Overall, very good. If you’d like to try a lighter shu without any smoky, fishy or musty aromas I’d give this one a try for sure.
On other notes I’ve discovered I can use a cheese knife to pry apart my bricks and cakes so at least I won’t be needing to purchase a special puerh knife. :)
Hubby and eldest daughter both drank tea with me tonight. Hooray! When they said they were having tea with me, I asked hubby to pick the tea. He requested this one, but this time we brewed it western style. This is a mild puer, and I love the natural floral/citrus notes added by the osmanthus. That pot went away entirely too fast.
Hubby joined me for tea again last night! Since he didn’t mind the first puerh he tried, I wanted him to give some others a try.
Opening the pouch, I was struck by the fresh citrus-y aroma of these flowers. The dry tea has a lot of petals in it. Steeping it, I found it mild, certainly milder than the puerhs from A Southern Season, without being boring like the one I got from Rishi. Hubby thought it was stronger than the puerh from Teavivre that he tried, but I didn’t think so. He will probably prefer the puerh from Teavivre like my son and his girlfriend.
We steeped this about six times. I am so glad hubby got this one for me. I am really enjoying the addition of osmanthus to puerh!
Another thing has happened that I never thought would happen. A long time ago, when I only had fishy-smelling puerh tea, I liked the taste though not the aroma. I liked puerh tea and especially found it soothing when my tummy was angry. But I said I never woke up in the morning thinking, “Gee, I sure would love a cup of puerh tea right now.” Keemuns or black tea blends always had that honor.
Having now tried Teavivre and Purepuer.com puerh teas, I couldn’t get it off my mind this morning. Since today is tea party day, after all, I wasn’t going to make any tea this morning, but my girls each had a pot in front of them at the table as they did their schoolwork and I caved. This is so good, and this is a resteep, making it such a bargain as well. Warm earth aromas with clean yet horsey leather and the scent of osmanthus peeking through, I think I am becoming a puerh….addict? Snob?Aficionado maybe! I can’t wait to try even more puerhs!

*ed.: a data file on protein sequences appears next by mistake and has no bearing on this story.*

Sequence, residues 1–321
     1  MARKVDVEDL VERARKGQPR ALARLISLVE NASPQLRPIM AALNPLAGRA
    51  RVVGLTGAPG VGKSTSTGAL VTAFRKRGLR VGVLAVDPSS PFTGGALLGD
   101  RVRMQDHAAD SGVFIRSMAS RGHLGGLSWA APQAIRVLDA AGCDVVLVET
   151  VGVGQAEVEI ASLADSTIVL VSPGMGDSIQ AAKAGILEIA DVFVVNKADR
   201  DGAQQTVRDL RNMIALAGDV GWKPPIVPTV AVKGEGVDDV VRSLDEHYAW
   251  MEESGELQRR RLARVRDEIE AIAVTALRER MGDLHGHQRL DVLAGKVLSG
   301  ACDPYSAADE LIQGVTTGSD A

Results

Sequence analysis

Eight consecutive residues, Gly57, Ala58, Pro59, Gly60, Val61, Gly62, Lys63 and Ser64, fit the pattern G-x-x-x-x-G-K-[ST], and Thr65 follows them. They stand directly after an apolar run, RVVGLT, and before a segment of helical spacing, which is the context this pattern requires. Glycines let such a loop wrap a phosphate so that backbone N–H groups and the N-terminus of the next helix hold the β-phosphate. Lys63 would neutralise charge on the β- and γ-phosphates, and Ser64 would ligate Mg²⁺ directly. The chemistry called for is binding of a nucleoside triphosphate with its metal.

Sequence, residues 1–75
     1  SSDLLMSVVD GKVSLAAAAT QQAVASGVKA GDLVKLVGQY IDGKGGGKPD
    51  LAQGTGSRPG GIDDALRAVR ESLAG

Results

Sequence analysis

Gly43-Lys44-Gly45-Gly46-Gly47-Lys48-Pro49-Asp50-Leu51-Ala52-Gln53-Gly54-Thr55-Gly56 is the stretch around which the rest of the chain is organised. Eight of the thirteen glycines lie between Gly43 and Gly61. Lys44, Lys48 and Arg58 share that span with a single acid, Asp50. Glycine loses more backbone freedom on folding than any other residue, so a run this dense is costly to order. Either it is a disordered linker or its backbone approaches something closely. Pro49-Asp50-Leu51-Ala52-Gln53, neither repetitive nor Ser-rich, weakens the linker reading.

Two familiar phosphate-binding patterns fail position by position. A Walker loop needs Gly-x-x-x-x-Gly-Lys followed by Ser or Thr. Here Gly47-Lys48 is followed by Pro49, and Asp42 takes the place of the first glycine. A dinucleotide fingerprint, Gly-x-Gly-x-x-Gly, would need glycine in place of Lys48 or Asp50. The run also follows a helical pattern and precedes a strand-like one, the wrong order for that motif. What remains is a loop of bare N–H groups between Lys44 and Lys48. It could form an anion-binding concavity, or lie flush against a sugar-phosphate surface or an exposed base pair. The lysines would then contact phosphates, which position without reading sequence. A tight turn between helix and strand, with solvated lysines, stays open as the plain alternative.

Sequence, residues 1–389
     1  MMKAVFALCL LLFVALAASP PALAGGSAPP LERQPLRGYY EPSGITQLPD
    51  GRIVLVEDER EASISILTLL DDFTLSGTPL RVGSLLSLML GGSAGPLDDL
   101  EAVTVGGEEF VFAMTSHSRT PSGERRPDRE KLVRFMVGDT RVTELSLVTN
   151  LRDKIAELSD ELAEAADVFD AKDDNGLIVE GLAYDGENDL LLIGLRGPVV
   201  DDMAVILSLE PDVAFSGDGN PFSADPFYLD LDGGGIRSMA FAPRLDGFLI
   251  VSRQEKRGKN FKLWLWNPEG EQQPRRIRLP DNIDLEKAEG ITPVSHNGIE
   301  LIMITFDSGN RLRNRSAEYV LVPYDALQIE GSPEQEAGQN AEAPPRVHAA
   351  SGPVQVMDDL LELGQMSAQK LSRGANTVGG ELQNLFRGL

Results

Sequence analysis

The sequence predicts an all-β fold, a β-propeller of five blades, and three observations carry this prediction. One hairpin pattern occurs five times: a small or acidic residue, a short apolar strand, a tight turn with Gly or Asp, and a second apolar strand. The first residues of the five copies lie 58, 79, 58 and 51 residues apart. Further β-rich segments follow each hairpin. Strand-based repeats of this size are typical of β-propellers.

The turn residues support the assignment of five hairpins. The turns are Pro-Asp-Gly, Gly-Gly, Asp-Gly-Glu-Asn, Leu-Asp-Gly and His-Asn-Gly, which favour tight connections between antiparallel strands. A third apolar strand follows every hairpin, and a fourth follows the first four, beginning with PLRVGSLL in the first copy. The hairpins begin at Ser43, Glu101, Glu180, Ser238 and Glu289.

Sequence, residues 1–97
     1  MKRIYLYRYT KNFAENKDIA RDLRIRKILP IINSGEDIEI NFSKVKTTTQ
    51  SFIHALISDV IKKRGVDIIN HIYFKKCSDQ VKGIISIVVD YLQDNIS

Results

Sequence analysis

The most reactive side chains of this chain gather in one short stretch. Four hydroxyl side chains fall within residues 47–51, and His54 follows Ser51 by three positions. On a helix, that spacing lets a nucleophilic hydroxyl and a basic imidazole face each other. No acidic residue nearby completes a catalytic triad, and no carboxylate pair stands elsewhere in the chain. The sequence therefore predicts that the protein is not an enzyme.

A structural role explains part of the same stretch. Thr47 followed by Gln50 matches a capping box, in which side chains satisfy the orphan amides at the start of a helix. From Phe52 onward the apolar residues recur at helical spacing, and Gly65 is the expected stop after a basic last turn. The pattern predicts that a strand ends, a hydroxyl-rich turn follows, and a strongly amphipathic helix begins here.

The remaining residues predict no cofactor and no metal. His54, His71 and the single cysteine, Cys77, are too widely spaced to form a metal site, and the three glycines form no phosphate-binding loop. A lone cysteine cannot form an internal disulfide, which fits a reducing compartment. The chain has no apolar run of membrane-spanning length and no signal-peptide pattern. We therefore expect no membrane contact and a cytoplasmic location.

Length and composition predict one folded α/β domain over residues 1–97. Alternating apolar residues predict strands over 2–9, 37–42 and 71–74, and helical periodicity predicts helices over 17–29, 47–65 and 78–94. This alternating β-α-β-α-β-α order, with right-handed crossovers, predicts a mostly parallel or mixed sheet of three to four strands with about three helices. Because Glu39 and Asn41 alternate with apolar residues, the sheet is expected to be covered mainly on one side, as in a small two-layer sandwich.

Sob!. It happened. It finally happened! I have been hoping my two oldest kids would start drinking tea. Tonight my son made baked Brie in puff pastry and said, “Mom, maybe you better make some of that tea like we had last night. This is pretty rich and fatty.” I am so happy!
Last night we had Puer from Teavivre. Tonight I thought I would shake things up since it seems I am on a roll getting them to drink tea and I made this one just to expose him to more tea. Dare I hope that soon he will be asking for his own teapot and bag of tuochas to take to school?
Once upon a time, I thought Paris by Harney was the way to convert people to tea, but it didn’t work on my older kids. Of all things, puer was the key! Oldest daughter is drinking mostly green teas, but likes puer more. I shall have to get her some of her own as well!
Oh happy day! And what a great start to the New Year!
Last year, my hubby gave me the bamboo tea tray from this company for Christmas. This year, I received two of their tea sets to use with it.
I must say this set is more beautiful in person than in the pictures, and I loved it in the pictures! The finish is so smooth, the color a bone white, and the lines and contours are captivating. Furthermore, it is perfect for making my oolong and white teas. Since it is ceramic I can use it with more than one kind of tea, while my Yixing set will be reserved for oolong. I absolutely love it, and can not say enough about their great customer service and how much time they took helping my hubby choose pieces of teaware and puer tea, acting as if it was their greatest privilege and joy to do so. They are truly tea lovers.
I hope this works! Here is a link to the set, which is showing as sold out right now.